That being said, that isn't going to happen every night, especially on my budget (although it would cost less than ordering at a restaurant).

Home cooking will never be restaurant cooking, and vice-versa. But both have merits and can offer something that the other doesn't.

When was the last time you went to a restaurant and had day-picked sweet corn on the cob, with nothing but salt and butter? Fine cuisine indeed, but you'd never see it on a menu.

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It may be the case that to order vegetables from the Chef's Garden you need:

“A federal tax ID, names of three chief officers, trade references (with addresses) and Bank Reference”. Or alternatively you can donate $1,000 to the Culinary Vegetable Institute and then pay $250 per box else it might keep micro mache and some other things off your plate.

But generally you can get comparable items – if not the exact same items available to restaurants – from a number of sources… or in some cases you can simply grow your own or even buy locally from farms that don’t even sell to restaurants – but provide equally naturally raised high quality items. You might not pay wholesale, reach volume discount plateus or get the first pick... but you can access these things.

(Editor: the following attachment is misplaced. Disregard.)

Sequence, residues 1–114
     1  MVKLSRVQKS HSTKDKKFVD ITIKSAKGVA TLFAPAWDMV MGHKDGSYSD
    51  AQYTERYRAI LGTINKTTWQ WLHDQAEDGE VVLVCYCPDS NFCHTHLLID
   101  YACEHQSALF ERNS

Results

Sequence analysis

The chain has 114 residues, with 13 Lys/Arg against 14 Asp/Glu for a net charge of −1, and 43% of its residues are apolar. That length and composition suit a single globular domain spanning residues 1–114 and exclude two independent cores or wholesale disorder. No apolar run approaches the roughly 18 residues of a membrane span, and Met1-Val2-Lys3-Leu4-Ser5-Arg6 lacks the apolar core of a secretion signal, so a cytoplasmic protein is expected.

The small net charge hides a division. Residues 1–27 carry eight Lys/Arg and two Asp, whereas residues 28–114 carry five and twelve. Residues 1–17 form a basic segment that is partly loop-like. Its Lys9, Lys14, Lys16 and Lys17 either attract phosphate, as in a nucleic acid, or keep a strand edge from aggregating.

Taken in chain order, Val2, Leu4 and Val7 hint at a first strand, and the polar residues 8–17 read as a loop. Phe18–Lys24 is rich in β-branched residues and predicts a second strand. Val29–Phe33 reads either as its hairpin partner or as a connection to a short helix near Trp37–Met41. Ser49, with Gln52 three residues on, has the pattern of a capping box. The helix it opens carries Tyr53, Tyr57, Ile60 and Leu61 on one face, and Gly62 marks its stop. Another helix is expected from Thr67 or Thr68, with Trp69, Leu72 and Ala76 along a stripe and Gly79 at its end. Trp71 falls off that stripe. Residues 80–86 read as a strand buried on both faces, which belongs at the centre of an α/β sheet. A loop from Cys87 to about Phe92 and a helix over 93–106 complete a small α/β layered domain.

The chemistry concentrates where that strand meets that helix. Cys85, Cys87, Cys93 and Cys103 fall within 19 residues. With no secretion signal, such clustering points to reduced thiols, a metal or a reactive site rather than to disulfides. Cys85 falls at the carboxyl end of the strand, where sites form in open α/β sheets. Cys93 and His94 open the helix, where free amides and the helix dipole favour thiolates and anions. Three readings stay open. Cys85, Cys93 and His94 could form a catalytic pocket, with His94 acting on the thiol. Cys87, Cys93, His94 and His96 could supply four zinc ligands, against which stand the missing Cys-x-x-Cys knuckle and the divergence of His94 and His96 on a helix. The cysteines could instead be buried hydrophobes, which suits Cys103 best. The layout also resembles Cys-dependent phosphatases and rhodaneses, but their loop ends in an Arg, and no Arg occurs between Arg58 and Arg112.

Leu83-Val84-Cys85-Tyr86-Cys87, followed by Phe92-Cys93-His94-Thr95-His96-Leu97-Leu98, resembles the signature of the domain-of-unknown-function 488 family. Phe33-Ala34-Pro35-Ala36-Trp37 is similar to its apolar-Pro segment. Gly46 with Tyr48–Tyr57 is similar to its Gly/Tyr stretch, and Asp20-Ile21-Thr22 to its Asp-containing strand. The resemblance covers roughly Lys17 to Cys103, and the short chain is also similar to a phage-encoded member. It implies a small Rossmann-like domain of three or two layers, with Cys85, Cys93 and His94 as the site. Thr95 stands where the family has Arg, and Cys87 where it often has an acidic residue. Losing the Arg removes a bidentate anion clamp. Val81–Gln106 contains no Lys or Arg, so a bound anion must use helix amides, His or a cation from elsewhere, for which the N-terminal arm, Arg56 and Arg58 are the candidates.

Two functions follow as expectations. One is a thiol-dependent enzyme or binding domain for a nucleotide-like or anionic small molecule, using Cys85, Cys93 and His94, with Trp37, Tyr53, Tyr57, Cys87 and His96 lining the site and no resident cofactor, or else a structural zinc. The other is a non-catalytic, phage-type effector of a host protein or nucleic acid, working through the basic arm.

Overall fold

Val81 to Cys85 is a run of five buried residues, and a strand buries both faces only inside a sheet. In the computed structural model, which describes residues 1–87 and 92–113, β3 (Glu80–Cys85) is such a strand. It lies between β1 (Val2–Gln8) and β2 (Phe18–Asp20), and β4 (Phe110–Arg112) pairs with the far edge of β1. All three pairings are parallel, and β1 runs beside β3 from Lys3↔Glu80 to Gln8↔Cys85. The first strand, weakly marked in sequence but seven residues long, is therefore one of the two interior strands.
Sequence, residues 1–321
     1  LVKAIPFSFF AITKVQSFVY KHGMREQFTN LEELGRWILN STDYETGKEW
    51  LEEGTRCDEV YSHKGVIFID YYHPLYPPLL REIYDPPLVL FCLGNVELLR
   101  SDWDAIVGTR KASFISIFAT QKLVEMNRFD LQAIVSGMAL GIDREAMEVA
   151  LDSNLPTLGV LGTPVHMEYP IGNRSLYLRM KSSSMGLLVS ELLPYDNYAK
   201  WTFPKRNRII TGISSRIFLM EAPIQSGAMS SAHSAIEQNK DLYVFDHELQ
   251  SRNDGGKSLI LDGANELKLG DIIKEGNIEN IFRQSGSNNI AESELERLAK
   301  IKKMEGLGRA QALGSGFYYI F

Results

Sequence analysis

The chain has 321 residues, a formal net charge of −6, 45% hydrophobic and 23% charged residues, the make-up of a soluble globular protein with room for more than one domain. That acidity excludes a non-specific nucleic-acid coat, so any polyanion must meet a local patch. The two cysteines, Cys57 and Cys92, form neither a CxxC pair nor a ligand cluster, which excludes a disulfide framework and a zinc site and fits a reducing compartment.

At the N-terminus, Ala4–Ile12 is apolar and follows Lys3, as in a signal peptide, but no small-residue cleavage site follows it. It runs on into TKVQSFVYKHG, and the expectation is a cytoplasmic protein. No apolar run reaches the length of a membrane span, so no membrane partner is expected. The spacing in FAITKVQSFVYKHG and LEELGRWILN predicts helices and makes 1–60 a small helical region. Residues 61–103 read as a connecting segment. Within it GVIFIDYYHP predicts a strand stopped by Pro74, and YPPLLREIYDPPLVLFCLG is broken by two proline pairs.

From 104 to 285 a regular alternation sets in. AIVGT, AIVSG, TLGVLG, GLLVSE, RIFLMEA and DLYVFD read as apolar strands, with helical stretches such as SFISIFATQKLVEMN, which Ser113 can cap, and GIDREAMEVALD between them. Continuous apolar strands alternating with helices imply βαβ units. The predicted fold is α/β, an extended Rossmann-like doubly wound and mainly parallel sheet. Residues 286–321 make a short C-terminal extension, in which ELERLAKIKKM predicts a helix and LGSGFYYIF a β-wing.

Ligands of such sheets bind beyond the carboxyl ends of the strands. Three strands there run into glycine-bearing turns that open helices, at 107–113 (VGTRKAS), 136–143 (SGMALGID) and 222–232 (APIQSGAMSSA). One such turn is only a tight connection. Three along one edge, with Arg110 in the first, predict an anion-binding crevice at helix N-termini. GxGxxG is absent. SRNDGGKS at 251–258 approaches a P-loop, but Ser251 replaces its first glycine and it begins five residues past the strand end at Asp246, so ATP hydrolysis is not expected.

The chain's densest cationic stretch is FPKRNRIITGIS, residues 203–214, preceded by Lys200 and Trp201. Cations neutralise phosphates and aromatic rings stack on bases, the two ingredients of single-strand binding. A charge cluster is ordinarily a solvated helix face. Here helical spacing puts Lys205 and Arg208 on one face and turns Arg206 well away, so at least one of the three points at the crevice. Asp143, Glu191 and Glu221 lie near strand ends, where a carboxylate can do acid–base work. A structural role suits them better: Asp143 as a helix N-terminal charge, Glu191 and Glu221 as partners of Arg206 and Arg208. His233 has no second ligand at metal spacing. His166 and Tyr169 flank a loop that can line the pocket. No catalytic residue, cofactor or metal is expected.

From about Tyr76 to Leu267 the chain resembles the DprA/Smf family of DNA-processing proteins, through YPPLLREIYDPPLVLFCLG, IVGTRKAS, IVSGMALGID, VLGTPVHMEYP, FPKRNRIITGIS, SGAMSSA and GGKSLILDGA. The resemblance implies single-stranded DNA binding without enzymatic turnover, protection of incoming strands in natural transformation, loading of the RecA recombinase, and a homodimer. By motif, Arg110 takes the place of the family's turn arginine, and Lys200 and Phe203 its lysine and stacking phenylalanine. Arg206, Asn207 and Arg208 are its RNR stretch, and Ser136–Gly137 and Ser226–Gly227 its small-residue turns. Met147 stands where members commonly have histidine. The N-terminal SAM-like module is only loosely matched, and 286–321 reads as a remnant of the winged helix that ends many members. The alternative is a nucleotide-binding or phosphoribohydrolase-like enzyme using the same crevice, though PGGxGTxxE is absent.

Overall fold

Without dealing with obstacles intended to maintain exclusion.

If you want Prime beef and other high quality, meat, seafood and some game you can order direct from Allen Brothers:

http://www.allenbrothers.com/

If you want fresh wild foraged and/or exotic mushrooms, Morels, Porcini, Baby Blue Oyster, Cinnamon Cap you can order direct (as well as many other things like Ramps, Fiddleheads, several forms of Caviar etc.):